And I will give you a new heart, and a new spirit I will put within you. And I will remove the heart of stone from your flesh and give you a heart of flesh, Ezekiel 36:26.

Diagnosing any problem is the first step, but without a solution, broken hearts will continue to convey negative emotions.  Thus, another prophet provides a prayer outline for any one who is willing to change.  This new spirit is like transforming your perspective from negative toward the positive.  Any change will take a transitional period to break old habits.  Yet, for those who bring your dirty laundry to the feet of Christ, Matthew 11:28-30, the heavy burdens on your heart can be eased.  As time proceeds, may your prayers for change exchange regret with God’s grace and love.

by Jay Mankus

Doing Whatever It Takes

As a parent, I can anticipate failure before a grade is given or the final score is relayed.  The secret to this insight is simple, hard work is often rewarded and laziness is penalized.  For me, the most painful aspect of parenting is seeing the potential your child has yet being unable to convince them to do whatever it takes to ensure success.

Finally, brothers, whatever is true, whatever is honorable, whatever is just, whatever is pure, whatever is lovely, whatever is commendable, if there is any excellence, if there is anything worthy of praise, think about these things. What you have learned and received and heard and seen in me—practice these things, and the God of peace will be with you, Philippians 4:8-9.

For those of you who coach or teach, this same dilemma exists.  How do you express someone’s gifts or talents without trying to live your life through them?  In the film Good Will Hunting, Robin Williams plays a psychologist who is introduced to a genius played by Matt Damon with a troubled past.  These secret scars, hidden from plain view prevent Will from doing whatever it took to apply his knowledge in a positive manner.

If you love me, you will keep my commandments,” John 14:15.

Today, the future is bright, but too many young people don’t have the resolve necessary to see their dreams come true.  Sure, the average teenager wants to have a great life, but this doesn’t happen with a snap of your finger.  Only the disciplined, driven and hungry will begin to see the fruits of their labor.  Thus, a parent can encourage, inspire or motivate their offspring.  In the end, a parent can only pray that their child develops a zeal to follow God’s will on earth.  The key to this fulfillment is doing whatever it takes.

by Jay Mankus

 

You Survived for a Reason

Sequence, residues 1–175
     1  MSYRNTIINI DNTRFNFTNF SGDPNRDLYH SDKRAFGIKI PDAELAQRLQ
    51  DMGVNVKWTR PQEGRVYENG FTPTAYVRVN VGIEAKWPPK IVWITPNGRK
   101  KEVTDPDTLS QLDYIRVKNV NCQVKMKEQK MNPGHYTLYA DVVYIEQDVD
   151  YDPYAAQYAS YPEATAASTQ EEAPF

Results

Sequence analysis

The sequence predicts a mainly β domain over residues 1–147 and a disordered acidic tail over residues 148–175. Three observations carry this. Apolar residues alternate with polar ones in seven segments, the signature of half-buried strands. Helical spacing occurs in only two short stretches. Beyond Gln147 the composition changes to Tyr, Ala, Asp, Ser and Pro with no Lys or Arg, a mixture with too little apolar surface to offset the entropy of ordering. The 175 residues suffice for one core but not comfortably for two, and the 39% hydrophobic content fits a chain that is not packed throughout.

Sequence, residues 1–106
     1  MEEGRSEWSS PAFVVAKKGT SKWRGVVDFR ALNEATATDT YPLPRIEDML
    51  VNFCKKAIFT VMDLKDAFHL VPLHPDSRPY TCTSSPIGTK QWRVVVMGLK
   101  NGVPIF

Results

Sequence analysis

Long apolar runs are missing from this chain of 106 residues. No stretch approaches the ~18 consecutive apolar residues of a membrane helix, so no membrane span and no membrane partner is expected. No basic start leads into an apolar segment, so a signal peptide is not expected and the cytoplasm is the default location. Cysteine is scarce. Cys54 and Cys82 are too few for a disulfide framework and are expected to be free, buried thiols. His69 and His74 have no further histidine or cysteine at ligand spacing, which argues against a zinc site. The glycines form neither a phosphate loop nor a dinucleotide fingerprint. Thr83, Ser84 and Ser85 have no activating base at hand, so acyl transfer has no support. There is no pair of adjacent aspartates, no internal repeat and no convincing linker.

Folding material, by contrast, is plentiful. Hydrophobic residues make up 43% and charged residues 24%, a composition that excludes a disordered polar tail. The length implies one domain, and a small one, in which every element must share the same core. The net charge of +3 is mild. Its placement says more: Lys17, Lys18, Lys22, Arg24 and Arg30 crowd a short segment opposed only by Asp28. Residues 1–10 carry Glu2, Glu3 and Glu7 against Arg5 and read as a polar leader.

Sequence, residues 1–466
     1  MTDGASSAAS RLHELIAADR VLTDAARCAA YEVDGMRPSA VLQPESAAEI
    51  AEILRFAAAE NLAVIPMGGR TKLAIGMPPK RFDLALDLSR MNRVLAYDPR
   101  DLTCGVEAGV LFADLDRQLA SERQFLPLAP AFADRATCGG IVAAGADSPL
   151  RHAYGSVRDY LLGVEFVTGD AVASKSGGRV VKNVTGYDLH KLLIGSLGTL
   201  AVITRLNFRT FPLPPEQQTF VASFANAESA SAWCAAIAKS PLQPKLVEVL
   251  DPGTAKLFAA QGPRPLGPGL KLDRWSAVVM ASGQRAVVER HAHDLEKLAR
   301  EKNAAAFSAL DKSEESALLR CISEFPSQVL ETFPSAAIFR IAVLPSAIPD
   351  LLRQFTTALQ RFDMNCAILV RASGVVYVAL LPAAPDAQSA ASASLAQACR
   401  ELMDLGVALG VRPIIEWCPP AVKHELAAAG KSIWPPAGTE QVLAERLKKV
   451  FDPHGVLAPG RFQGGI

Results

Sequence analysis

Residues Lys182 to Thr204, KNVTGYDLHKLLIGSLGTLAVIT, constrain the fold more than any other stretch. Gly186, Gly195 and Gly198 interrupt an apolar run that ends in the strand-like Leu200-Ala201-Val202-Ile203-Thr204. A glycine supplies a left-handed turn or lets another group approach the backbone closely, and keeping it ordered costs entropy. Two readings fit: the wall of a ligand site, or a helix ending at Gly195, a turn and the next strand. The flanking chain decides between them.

On the evening of November 14, 1970, the plane carrying members of the Marshall University football team crashed just before landing in Huntington West Virginia.  This tragedy took the lives of 37 football players, 25 boosters, 5 coaches, 2 athletic trainers, the athletic director and 5 members of the flight crew.  When assistant coach William Dawson played by Matthew Fox switches places with another coach to drive home from East Carolina to recruit future players, he is filled with a sense of guilt.  Instead of reflecting upon why he was alive, Coach Dawson struggled to cope with this ordeal.  This event inspired the 2006 film We Are Marshall.

It is God who arms me with strength and keeps my way secure, Psalm 18:32.

If a cat has 9 lives, some people has escaped death multiple times throughout this life.  Some circumstances are less obvious like losing your keys momentarily before passing a fatal car accident that you may have been part of and killed.  On September 11th, 2001, documentaries have revealed individuals who didn’t go to work at the World Trade Center that day or cancelled their flight last second due to a sudden emergency.  When I was in college, I was part of a head on collision where my car was pushed backwards 25 feet or so after contact.  If it wasn’t for my God given quick reflexes, my friend and I may have died before graduating from college.  Thus, I am forced to ponder, you survived for a reason.

You provide a broad path for my feet, so that my ankles do not give way, Psalm 18:36.

Perhaps, the Lord knew that I would forego a career as a golf course architect to become a youth pastor, high school Bible teacher and inspirational writer.  I know that I have ignored, missed or skipped over other callings, but there is one reason why God has kept me alive, to highlight meaningful truths from the Bible.  The passage above doesn’t reveal much unless you have run cross country or trained for long distance races.  Twisting your ankle is easy to do when terrain is uneven, holes are hidden or the ground gives way.  Yet, David, a shepherd wearing the equivalent of cheap scandals all day covering various topographies, trusted God to protect his ankles and feet from harm.  The more Christians begin to read, reflect upon and starting claiming God’s promises within your own life, the Holy Spirit will help you understand why you are still here on earth.

by Jay Mankus